Wicked Sexy Liar: Chapter 6


I’M ELBOWS-DEEP IN a legal brief I can barely understand when my phone buzzes on the table at my elbow.

Beeeeeeeeeers, the text from Dylan reads.

I look up at the clock. Shit, how did it get to be six already? Where?

New place, on Island and 10th.

I groan—I fucking hate going downtown during the week.

Anticipating this, Dylan adds, Most of the team is coming. Jess broke up with Cody. We’re helping him drown.

I blink a few times, staring in shock at my phone. My former water polo teammate, Cody, has been with his girlfriend, Jess, since high school. In the best of moods, Cody will drink until he’s crawling. I can’t imagine how tonight will go down.

Still, weeknight or not, I can’t say no. Cody, Dylan, Andrew, Daniel, and I have been tight since freshman year when the seniors on the team locked the five of us on the pool deck for an entire December weekend in nothing but our Speedos, with a vending machine full of food as our nourishment, though no money. You don’t get through something like that, and go on to win two national championships without sticking together.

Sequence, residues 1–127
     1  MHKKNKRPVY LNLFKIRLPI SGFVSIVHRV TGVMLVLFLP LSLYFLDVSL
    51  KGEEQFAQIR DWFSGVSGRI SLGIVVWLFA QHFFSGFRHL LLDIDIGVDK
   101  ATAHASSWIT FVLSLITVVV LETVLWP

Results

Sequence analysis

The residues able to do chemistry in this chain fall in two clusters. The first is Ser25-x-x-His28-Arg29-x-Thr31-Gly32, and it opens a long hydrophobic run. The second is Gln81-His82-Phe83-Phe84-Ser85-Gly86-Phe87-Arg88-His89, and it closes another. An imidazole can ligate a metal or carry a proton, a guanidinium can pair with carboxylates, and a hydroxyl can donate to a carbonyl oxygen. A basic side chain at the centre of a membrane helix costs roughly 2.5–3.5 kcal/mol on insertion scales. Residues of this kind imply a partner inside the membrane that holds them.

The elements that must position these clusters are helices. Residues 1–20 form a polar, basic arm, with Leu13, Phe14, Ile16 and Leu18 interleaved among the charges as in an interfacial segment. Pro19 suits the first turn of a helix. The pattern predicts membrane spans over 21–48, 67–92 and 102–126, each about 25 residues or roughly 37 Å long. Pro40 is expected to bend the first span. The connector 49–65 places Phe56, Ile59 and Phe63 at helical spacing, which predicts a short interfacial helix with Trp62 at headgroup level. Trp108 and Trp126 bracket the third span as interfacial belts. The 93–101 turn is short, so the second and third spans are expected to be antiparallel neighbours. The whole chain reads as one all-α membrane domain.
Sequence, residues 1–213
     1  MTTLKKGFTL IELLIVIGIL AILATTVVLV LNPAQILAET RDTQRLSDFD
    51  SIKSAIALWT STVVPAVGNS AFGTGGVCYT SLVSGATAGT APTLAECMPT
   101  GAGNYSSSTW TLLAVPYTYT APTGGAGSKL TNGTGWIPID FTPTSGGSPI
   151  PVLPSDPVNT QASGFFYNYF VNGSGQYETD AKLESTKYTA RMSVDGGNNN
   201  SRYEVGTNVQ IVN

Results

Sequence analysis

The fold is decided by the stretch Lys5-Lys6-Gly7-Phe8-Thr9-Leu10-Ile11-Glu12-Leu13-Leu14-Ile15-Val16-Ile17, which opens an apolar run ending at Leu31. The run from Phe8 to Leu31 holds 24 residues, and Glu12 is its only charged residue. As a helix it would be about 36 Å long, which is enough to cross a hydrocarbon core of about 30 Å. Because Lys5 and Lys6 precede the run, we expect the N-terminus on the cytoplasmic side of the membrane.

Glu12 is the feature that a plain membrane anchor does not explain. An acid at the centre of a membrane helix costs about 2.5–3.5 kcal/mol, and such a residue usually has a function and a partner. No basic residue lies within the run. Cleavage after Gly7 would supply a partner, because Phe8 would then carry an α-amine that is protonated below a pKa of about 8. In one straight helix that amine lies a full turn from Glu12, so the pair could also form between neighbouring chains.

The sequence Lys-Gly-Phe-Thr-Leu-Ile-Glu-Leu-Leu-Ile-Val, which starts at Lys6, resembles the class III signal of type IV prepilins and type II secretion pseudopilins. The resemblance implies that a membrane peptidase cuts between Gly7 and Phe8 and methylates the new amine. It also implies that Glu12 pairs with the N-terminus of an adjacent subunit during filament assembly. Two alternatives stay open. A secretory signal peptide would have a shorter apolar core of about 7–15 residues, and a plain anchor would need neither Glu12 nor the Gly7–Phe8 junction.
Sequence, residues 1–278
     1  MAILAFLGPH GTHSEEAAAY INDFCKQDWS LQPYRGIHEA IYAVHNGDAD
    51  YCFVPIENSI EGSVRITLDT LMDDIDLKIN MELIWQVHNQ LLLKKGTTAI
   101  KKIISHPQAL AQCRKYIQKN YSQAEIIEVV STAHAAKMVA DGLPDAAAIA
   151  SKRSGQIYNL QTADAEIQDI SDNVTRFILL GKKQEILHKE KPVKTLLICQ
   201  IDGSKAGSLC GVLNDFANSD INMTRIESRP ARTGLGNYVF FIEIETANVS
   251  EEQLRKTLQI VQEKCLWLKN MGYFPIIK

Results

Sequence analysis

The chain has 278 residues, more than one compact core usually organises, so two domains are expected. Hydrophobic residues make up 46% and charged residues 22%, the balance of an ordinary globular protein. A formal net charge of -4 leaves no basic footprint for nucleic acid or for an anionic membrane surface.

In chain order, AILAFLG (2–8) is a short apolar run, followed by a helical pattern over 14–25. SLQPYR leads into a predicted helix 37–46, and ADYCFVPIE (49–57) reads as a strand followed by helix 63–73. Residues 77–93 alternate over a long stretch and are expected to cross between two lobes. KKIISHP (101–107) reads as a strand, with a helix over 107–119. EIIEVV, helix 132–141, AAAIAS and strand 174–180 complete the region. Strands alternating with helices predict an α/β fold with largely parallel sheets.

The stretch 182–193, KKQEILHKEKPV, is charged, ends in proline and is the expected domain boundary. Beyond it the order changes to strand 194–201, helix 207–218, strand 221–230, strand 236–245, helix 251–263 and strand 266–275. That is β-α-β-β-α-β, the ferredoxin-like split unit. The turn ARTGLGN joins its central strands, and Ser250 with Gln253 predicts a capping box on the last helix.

Be there by eight, I reply, putting down my phone and packing up my desk.

THE GUYS HAVE taken over two tables as close to the dance floor as one can get and reasonably remain seated. Not five feet from where Daniel has done a complete one-eighty in his seat is a group of girls dancing suggestively, pretending they don’t notice the six-foot-eight water polo player turned fitness instructor staring at them.

“Sorry I’m late,” I say in greeting, pulling out a chair and sitting down. I’ve never been to this club—it’s new but the décor wants to fool you into thinking it’s been here since the seventies. Looking to Cody, I ask, “You good?”

He puts his empty beer glass down next to another one. “No. But don’t feel sorry for me. I’ve been a dick to her lately. I think she might be doing this to scare me straight.”